I’ve cried during at least three performance reviews. And it wasn’t because I was being reprimanded for poor work. Alas, for me, this emotional response is the result of being highly sensitive.
Of course, there’s a cultural norm that you should never cry at work. In the moment, I felt so unprofessional, and I usually try hard to convey total competence. What’s even harder to admit is that every one of those reviews was almost glowingly good. My output is excellent. I am reliable, responsible, and excellent at managing my workload. I build strong, close relationships with my team.
But my sensitivity to criticism can make me feel very fragile. The perfectionist in me never hears the positive feedback, and instead focuses like a laser on the smallest indication of something negative. It always came down to my personality not fitting in the corporate world — and each comment felt like a knife wound. I’m too emotional and wear my feelings on my sleeve (demonstrated so inconveniently by my tearful reaction to the review). I need to network more broadly to expand my influence. My expectations of others are too high. One supervisor even suggested that “my personality is my cross to bear.” The thought that the essence of me was my burden to carry — well, that one really hurt.
So I’ve always felt misunderstood in the work world. The weight of corporate life and caring so deeply caused me more stress than others seemed to carry. I dove into self-help literature to try to “fix myself” and find a way to cope. And then I read a book that changed my view of myself, and even changed my life. It was like someone turned a light on in a very dark place in my soul. Instead of trying to fix myself, I could start to understand and accept myself: I was a highly sensitive person (HSP).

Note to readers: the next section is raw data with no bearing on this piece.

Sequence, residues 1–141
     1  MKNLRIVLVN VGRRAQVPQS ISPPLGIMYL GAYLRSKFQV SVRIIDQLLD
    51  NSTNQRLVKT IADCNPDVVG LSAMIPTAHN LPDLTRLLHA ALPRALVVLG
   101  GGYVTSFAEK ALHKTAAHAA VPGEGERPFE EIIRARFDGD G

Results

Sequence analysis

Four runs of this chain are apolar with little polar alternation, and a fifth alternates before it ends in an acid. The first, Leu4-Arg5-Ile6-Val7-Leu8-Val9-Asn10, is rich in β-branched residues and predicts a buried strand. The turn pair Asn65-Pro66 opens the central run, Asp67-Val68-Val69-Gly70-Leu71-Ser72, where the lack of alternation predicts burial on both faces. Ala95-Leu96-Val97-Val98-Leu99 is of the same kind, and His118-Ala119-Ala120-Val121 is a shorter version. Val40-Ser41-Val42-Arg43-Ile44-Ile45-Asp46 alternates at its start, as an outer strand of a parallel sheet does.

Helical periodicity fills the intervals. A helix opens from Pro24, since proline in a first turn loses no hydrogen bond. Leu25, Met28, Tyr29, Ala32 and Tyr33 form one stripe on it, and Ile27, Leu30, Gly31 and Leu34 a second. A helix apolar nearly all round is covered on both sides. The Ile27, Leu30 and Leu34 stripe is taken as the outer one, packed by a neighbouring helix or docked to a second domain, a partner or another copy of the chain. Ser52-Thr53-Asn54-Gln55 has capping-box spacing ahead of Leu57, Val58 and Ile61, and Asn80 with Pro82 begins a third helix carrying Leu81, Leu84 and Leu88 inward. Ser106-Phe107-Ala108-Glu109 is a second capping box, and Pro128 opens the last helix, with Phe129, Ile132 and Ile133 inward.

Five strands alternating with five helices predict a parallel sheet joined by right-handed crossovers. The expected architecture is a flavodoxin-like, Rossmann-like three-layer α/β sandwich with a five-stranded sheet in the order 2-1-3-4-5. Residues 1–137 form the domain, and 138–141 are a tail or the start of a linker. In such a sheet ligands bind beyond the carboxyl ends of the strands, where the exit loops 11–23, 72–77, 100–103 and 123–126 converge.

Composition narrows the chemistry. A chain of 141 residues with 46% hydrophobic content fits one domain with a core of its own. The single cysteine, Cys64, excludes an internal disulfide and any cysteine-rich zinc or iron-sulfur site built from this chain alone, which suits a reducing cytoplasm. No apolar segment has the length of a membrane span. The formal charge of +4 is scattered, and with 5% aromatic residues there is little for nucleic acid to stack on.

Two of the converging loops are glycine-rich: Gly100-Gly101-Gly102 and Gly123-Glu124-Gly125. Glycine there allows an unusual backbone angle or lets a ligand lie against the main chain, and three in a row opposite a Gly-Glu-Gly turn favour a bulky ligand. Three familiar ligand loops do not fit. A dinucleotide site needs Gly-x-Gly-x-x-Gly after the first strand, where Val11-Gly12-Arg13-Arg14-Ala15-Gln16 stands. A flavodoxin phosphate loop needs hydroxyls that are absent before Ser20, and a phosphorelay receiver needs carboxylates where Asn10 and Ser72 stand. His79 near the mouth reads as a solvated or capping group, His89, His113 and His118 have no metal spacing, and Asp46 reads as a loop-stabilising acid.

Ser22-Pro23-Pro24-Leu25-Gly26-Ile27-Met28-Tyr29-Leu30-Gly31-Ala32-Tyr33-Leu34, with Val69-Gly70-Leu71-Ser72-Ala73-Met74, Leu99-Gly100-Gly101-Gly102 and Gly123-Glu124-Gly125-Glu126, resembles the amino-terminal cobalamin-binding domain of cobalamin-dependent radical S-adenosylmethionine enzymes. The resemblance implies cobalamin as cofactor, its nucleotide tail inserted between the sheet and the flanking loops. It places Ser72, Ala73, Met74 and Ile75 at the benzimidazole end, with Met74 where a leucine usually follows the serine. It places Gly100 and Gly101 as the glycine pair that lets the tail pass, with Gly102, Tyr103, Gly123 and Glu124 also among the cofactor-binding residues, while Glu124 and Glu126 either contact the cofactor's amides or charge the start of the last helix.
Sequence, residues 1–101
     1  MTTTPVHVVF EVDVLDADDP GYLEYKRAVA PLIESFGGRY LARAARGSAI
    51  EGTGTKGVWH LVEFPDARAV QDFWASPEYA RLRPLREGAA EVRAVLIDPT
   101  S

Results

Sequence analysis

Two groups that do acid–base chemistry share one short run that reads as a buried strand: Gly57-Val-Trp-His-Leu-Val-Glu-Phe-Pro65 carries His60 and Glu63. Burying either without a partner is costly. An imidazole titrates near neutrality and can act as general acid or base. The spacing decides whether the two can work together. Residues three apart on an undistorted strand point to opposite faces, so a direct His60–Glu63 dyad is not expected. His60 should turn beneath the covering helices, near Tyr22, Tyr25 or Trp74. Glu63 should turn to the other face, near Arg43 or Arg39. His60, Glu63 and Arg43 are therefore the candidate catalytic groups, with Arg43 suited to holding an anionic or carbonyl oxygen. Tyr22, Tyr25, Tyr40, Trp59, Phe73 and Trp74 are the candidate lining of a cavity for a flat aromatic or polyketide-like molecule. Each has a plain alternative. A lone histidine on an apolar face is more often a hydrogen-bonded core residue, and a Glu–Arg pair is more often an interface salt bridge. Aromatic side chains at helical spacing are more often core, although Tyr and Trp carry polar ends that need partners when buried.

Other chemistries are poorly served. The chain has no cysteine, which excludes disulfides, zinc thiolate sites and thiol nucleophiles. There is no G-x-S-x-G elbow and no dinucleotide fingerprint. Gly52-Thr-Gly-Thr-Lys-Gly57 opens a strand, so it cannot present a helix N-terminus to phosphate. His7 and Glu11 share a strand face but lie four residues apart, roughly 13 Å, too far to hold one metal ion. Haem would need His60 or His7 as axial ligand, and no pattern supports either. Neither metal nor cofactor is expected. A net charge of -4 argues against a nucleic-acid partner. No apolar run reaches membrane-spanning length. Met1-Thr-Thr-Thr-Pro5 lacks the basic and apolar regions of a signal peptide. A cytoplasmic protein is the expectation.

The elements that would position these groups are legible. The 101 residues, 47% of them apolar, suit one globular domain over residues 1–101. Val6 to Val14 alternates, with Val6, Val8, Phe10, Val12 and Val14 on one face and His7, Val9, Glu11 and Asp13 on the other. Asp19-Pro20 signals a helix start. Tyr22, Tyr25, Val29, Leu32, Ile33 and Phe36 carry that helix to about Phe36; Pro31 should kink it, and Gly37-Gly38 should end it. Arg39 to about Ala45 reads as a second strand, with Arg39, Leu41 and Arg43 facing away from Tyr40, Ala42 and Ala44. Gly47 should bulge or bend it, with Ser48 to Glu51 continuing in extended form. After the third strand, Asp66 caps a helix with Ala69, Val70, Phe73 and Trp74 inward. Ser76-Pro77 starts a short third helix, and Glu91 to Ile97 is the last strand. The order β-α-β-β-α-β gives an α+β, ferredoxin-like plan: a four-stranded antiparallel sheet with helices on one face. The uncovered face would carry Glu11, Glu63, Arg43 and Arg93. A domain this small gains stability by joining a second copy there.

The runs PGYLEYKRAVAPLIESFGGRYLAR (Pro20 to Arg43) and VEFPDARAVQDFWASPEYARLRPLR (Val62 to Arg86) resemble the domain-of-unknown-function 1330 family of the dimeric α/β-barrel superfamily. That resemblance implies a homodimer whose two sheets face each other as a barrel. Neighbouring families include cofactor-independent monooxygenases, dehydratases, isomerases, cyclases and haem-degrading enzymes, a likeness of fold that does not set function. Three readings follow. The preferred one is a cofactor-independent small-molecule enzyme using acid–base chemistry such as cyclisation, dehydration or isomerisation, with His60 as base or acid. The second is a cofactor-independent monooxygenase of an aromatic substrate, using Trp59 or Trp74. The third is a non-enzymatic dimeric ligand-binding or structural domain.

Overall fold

(Not an HSP? Learn what it means to be a highly sensitive person.)
In The Highly Sensitive Person, psychologist Elaine Aron writes, “The business world is undoubtedly undervaluing its HSPs. People who are gifted and intuitive yet conscientious and determined not to make mistakes ought to be treasured employees. But we are less likely to fit into the business world when the metaphors for achievement are warfare, pioneering and expansion.”
Being a highly sensitive person (and an introvert) working in corporate America has led to a lot of stress and heartache for me. People don’t always “get me.” But I know I am capable, conscientious, and talented. And while I certainly understand the value of opening up and sharing more about myself, I secretly wish people understood these five things about working with a highly sensitive soul.
What I Wish Others Knew About Working With HSPs
1. I’m not stuck up. I just have high expectations of myself.
I’m quiet, I’m a perfectionist, and I’m eager to please. I think this is true of a lot of HSPs. This gives some people the impression that we’re holier-than-thou taskmasters who need constant praise. But we’re not! We just have high expectations of ourselves. Sometimes I wish people could hear my inner dialogue — I constantly question what I could have done better, and I feel like I don’t fit in.
It reminds me of a line from Friends when Chandler is describing himself:
“Oh come on, Chandler is funny, he’s sophisticated, and he’s very loveable… Once. You. Get. To. Know. Him.”
I wish people would get to know their HSP coworkers before making judgements about their character.
2. If I ask for an office, it’s not because I think I’m more important. It’s because I need to focus.